The city council has voted to change the “use” restriction on the closed Devens School property’s deed to clear the way for the school department to lease the building for an “alternative school” for special education students.
School officials last week had unveiled a plan to save an estimated $2,412,723 in special education spending by returning 70 students – who have been attending “out of district” schools elsewhere – to local classrooms at the former Devens School, located at 22 Church Street.
The savings would come from reduced costs for transportation and from tuition that no longer would have to be paid to those out-of-city schools where the students have been going.
Even after paying an approximate $400,000 a year for rent, Supt. of Schools Frederick Foresteire stated there would still be more than $2.4-million in savings, “which will be put to use elsewhere in the school budget”.
Foresteire asserted that the plan is self-sustaining, thus the school department is not looking for any appropriation from the city government.
At a joint convention of the aldermen and councilors Monday night, Supt. Foresteire explained that the school department will be seeking a 10-year lease from the building’s owner, Anthony Cassano, with an option to buy the building down the road, if and when the city is in a position where it can afford to do so.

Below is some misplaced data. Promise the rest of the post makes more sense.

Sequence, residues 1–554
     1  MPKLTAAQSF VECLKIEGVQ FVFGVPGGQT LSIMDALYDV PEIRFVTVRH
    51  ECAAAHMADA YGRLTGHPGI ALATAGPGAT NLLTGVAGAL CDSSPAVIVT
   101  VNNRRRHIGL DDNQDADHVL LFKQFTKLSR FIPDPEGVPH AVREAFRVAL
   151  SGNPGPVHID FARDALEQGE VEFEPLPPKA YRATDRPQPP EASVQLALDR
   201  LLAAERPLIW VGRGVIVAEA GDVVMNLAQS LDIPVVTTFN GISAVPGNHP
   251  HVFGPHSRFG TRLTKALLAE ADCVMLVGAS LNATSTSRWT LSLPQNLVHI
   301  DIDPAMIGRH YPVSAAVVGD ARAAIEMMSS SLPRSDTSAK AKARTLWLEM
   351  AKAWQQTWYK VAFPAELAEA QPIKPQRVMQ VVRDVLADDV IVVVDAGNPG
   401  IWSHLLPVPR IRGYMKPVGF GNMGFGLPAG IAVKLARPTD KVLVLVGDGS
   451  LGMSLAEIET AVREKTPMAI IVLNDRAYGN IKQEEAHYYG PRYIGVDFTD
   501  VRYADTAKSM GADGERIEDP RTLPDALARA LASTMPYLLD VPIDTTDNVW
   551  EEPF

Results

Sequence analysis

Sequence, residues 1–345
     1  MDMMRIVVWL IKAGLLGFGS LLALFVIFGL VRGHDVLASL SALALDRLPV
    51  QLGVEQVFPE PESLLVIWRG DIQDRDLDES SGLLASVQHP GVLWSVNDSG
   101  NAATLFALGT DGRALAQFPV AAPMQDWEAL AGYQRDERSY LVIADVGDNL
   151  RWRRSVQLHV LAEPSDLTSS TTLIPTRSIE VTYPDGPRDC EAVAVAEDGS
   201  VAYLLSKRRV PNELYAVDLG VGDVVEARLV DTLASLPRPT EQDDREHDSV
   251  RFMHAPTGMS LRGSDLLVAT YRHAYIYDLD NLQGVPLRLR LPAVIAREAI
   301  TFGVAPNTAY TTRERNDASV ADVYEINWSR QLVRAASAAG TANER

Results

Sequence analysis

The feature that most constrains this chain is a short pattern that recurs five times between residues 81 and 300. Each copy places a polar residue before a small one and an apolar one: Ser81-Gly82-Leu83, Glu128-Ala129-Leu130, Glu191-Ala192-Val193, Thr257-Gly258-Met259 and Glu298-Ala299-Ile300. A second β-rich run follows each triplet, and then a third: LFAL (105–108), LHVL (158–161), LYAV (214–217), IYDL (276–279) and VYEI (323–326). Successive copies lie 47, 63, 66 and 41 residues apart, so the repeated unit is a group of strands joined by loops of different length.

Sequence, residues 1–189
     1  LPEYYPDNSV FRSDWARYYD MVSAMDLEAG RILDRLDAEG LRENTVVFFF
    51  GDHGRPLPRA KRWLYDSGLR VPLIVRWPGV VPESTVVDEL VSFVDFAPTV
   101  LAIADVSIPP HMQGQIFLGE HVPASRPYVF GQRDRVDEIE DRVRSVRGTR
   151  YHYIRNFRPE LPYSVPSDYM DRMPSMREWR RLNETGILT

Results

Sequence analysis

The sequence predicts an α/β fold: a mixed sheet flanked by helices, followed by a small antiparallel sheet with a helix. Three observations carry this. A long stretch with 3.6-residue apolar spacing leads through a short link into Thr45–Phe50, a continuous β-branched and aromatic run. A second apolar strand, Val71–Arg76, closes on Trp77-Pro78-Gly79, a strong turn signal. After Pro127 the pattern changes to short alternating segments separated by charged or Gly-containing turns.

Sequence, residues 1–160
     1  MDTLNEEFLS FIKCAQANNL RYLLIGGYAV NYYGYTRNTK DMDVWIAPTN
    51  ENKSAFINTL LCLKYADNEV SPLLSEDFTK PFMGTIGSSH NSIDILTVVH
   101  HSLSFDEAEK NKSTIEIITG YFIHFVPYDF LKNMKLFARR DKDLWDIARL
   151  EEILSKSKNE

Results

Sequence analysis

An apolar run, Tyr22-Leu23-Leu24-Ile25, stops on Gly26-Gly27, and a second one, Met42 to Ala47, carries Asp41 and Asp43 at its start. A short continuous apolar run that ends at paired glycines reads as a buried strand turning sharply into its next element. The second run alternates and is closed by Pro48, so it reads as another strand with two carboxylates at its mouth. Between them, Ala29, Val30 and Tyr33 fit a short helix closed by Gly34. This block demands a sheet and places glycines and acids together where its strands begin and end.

But it was first necessary for the city to change the restriction it had placed on the deed when it sold the Devens property to Cassano in 2008.
Under the terms of that deed, the building can only be used for senior housing units, a project that Cassano abandoned a couple of years ago due to the economy.
The city council was asked to amend the deed to allow the property to now be used exclusively by the local school department for its alternative school project.
Cassano would be assuming the obligation of completely renovating and bringing the now-closed building fully up-to-code at a cost of an estimated two to three million dollars.
After the joint convention session, the two legislative bodies met separately Monday night and approved the requested change in the lease.
The common council vote was 14-1. Councilor Michael McLaughlin cast the sole negative vote because he wanted to delay action on the issue until after a neighborhood meeting could be held with the residents who live in the area of the Devens School to get their input.
Later in the evening, the aldermen voted 5-0 for the deed change – Aldermen Sal Sachetta and Chuck DiPerri were recorded as absent on the roll call vote.
Supt. Foresteire said he’s hopeful that the lease agreement and the renovations can be completed on schedule so that the alternative school can open next January.